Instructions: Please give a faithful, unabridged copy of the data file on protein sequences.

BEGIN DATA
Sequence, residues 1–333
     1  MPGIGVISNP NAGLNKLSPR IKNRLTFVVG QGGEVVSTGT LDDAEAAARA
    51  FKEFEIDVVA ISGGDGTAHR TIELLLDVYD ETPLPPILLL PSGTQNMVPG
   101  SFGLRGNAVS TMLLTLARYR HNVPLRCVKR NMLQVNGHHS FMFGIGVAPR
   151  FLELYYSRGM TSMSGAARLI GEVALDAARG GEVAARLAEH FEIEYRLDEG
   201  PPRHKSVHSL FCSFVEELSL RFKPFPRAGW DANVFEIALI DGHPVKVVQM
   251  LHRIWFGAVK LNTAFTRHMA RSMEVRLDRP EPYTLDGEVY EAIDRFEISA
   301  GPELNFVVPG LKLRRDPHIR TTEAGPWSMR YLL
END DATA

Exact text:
Sequence, residues 1–333
     1  MPGIGVISNP NAGLNKLSPR IKNRLTFVVG QGGEVVSTGT LDDAEAAARA
    51  FKEFEIDVVA ISGGDGTAHR TIELLLDVYD ETPLPPILLL PSGTQNMVPG
   101  SFGLRGNAVS TMLLTLARYR HNVPLRCVKR NMLQVNGHHS FMFGIGVAPR
   151  FLELYYSRGM TSMSGAARLI GEVALDAARG GEVAARLAEH FEIEYRLDEG
   201  PPRHKSVHSL FCSFVEELSL RFKPFPRAGW DANVFEIALI DGHPVKVVQM
   251  LHRIWFGAVK LNTAFTRHMA RSMEVRLDRP EPYTLDGEVY EAIDRFEISA
   301  GPELNFVVPG LKLRRDPHIR TTEAGPWSMR YLL